SOUTH HOLLAND | Illinois Gov. Pat Quinn used graduation ceremonies Sunday at South Suburban College to urge support for a proposal that would ban the sale or delivery of ammunition magazines that can hold more than 10 rounds at a time.
Such a bill was introduced in the Illinois General Assembly last week by state Sen. Dan Kotowski, D-Evanston, and Quinn said it will be the focus of political activity this week in Springfield.
To that end, Quinn is working with some of the parents of about two dozen children who were killed in December in a shooting incident Sandy Hook Elementary School in Newtown, Conn. The governor met with those parents Sunday morning, then mentioned them prominently while providing the keynote address during afternoon commencement ceremonies for this year's roughly 220 graduates of the community college.
He said the education the students received was similar to the “education received by those parents” as to the realities of firearms and public violence.
“What those parents told me they learned is that maybe if we had limits (about the size of ammunition magazines), maybe some of our children would be alive today,” Quinn said.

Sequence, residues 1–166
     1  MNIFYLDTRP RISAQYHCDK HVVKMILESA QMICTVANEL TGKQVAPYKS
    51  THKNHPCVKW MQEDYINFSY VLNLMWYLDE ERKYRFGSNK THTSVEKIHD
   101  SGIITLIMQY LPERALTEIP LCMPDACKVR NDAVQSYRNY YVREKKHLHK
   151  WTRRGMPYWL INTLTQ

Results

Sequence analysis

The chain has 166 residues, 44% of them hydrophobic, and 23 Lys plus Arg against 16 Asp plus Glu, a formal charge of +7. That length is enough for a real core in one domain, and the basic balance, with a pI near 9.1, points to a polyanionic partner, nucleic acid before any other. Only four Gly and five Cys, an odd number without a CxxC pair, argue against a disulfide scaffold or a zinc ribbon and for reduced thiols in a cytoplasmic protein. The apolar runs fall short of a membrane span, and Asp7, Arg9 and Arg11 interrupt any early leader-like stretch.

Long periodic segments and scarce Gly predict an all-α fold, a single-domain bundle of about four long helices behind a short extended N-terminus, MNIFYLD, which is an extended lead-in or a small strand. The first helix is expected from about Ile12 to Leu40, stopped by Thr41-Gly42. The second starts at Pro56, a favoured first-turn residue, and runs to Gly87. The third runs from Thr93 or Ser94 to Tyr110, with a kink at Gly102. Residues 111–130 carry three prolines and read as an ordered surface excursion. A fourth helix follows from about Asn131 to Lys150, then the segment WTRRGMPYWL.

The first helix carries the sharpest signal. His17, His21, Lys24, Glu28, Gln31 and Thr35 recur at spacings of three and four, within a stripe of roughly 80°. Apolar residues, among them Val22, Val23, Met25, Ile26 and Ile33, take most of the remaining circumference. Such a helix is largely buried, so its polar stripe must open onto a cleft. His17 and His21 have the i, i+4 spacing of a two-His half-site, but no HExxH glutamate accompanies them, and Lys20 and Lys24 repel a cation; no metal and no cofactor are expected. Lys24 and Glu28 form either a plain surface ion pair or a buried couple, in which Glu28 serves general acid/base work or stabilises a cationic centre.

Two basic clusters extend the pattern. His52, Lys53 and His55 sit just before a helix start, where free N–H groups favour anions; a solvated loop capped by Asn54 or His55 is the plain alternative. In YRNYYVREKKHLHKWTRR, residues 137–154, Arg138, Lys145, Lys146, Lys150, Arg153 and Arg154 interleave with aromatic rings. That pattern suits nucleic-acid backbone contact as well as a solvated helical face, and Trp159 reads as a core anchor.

He said he plans to have parents Nicole Hockley, Mark Barden and Francine Wheeler meet with legislators at the Statehouse in Springfield on Monday to urge passage of the bill in question. At a Sunday morning news conference at the Thompson Center in Chicago, Illinois Senate President John Cullerton, D-Chicago, said he supports the measure.
The governor also said the incident in Newtown, along with another prominent shooting incident in July 2012 at a movie theater in Aurora, Colo., are significant because of the number of young people who were killed — people, he said, who might have had potential to do great things for society if they had lived a full life.
“We don’t have a person to waste in our democracy,” Quinn said.
Quinn, whose list of jobs held throughout his life includes a one-year stint as an instructor at Prairie State College in Chicago Heights, said he particularly admires community college students who often have to balance their class loads with the realities of life.
“The key to a strong democracy is learning and continuing our education,” Quinn said.
Sunday’s commencement speech was Quinn’s second appearance in recent months at South Suburban College. In February, he announced that $41.6 million in state funding will be provided to help with construction of new facilities for programs to train health care professionals.
Quinn said Sunday that such an expenditure shows state government’s commitment to the south suburbs.
“We’re going to make sure all of the south suburbs are a proud, resourceful and important focus,” he said.
South Suburban College board Chairman Frank Zuccarelli said such a commitment is why he considers Quinn to be an asset to the community college, and why the school on Sunday presented Quinn with an honorary degree following his commencement speech.
“He doesn’t always say ‘yes,’ but he gives it to us straight,” Zuccarelli said of Quinn. “That is why he will have our support in the future.”